Sourcing materials is the foundation of every design process, but the practice often doesn’t align with sustainable philosophies. Increasingly, companies and individuals alike are seeking natural products that can be used in new and innovative ways. One designer, Gaurav MK Wali, is an example of this goal with his use of discarded pine needles as a 100 percent bio-based and biodegradable material that can be incorporated into a variety of products.
The Cheer Project, as Wali has dubbed the innovation, is a result of the desire to solve a fire hazard issue in the nearby forests. According to Wali’s website, “The northern region of India is home to the pine trees. These forests cover most of the lands of Himachal and Uttarakhand, but these states are facing menacing problems caused by an excess of dry pine needles on the forest floor, causing frequent forest fires and several other environmental issues. With a forest cover of about 40,000 square kilometers, the damage is incalculable with no significant solution to the problem yet.”
The process of converting pine needles into a durable product material begins by “shedding” the pine needles into smaller components. Subsequently, a composite is produced by adding natural waxes and binders to the pine needle fibers. For variety, some of the composite is dyed with natural colors from local vegetables and spices.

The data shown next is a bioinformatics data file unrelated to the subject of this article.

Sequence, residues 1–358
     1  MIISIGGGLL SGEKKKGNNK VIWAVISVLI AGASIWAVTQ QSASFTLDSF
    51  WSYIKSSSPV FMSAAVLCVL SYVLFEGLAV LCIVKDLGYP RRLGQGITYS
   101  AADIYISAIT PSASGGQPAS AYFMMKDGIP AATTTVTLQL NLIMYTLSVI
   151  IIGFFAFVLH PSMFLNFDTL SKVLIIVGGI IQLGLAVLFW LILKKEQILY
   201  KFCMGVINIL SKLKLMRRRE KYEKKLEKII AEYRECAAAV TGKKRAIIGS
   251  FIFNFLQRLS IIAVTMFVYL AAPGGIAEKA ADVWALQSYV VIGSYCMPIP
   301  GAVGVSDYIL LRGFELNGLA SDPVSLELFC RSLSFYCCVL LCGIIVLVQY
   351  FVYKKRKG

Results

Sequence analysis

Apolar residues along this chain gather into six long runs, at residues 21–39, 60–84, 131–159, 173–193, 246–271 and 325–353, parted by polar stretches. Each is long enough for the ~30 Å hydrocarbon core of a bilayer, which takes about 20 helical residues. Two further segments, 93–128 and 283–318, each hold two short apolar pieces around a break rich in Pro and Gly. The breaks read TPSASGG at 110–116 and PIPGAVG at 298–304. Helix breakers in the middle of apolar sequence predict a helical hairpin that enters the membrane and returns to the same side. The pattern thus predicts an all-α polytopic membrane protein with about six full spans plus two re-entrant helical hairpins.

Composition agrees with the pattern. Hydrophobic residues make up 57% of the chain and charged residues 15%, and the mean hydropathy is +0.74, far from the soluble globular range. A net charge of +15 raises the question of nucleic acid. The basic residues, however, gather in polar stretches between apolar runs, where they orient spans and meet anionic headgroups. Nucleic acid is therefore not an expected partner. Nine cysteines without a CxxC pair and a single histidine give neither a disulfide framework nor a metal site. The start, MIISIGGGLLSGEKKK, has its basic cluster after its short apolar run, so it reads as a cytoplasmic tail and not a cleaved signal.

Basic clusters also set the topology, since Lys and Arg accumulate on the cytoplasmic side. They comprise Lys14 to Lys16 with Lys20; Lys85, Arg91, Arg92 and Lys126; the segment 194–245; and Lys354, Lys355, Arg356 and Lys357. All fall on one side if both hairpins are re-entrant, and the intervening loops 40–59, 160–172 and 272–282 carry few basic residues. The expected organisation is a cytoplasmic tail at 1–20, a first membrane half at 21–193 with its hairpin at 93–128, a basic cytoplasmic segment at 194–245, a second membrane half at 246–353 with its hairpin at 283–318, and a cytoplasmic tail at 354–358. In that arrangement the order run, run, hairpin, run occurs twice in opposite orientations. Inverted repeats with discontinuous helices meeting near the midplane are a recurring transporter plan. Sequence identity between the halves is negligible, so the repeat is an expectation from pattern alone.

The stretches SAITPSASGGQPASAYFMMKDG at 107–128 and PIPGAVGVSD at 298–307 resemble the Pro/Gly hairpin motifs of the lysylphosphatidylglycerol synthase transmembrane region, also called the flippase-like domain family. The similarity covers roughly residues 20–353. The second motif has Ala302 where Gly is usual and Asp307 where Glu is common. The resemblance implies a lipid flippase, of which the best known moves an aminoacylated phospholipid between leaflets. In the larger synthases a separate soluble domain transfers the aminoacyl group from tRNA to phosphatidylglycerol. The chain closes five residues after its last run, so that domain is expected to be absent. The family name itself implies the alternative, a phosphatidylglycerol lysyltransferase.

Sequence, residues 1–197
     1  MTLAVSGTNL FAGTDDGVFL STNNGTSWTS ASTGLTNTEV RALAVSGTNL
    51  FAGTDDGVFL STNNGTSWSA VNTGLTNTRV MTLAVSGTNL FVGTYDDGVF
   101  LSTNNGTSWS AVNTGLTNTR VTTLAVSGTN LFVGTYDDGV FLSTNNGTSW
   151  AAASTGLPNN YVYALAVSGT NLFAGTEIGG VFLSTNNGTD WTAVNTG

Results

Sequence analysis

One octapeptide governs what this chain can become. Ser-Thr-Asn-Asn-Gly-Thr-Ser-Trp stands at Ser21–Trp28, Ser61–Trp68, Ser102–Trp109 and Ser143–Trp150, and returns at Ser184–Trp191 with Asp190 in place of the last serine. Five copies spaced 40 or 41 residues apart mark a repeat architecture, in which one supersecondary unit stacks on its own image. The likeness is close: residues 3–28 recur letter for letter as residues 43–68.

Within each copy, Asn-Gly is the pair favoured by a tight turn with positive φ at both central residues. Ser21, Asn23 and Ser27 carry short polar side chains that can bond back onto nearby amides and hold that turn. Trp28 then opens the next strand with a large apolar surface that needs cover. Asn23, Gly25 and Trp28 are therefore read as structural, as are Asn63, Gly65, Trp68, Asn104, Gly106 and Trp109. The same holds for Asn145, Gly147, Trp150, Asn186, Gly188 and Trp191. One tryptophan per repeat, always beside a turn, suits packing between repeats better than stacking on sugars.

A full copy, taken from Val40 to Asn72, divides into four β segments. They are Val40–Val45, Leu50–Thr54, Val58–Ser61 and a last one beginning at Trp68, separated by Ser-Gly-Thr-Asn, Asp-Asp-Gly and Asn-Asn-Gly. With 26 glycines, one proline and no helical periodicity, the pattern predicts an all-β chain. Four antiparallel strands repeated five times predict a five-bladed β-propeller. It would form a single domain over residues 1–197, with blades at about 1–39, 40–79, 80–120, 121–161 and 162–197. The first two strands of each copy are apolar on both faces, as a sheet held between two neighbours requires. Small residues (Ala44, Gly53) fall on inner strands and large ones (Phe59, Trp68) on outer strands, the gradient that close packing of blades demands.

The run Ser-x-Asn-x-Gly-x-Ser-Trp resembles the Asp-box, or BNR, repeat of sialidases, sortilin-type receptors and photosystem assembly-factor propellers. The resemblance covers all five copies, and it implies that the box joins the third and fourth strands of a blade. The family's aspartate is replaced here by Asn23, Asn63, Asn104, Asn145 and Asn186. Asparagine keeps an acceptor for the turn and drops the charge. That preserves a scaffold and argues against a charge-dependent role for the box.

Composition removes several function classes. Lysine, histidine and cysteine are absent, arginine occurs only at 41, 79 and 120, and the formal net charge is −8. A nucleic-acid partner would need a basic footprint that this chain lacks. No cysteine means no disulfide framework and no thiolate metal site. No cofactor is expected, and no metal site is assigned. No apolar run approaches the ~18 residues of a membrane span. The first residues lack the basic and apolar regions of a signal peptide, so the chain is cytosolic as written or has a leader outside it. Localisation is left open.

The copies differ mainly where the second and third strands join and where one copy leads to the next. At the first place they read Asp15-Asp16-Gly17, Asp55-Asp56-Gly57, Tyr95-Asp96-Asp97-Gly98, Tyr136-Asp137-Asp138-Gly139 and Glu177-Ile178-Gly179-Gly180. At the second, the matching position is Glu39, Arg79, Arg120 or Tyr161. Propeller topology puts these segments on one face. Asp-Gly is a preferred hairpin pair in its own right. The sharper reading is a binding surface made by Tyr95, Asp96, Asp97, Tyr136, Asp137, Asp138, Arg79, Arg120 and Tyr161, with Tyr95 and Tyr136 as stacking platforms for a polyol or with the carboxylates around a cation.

Because the initial and final products are all-natural, the Cheer Project has created a material that is not only bio-based and biodegradable but also water-resistant, fire-resistant and recyclable. Perhaps most importantly, the innovation incorporates materials that are otherwise unused and would feed forest fires. The full manufacturing process produces no waste or pollution.
At its core, the Cheer Project is an experiment aimed at finding a sustainable material as an alternative to plastic, petroleum-based products and other environmentally damaging substances. In addition, the goal is to boost the economies of rural areas of Himachal via a sustainable craft.
“It has been an experiment to understand the root of a local material and its potential and possibilities in an ever-increasing demand for alternatives for the production of sustainable objects,” Wali said. “The ultimate concept rested on the fusion of local craftsmanship and sustainable utilization of a naturally abundant novel material — the rediscovery of the pine needle.”
Images via Gaurav MK Wali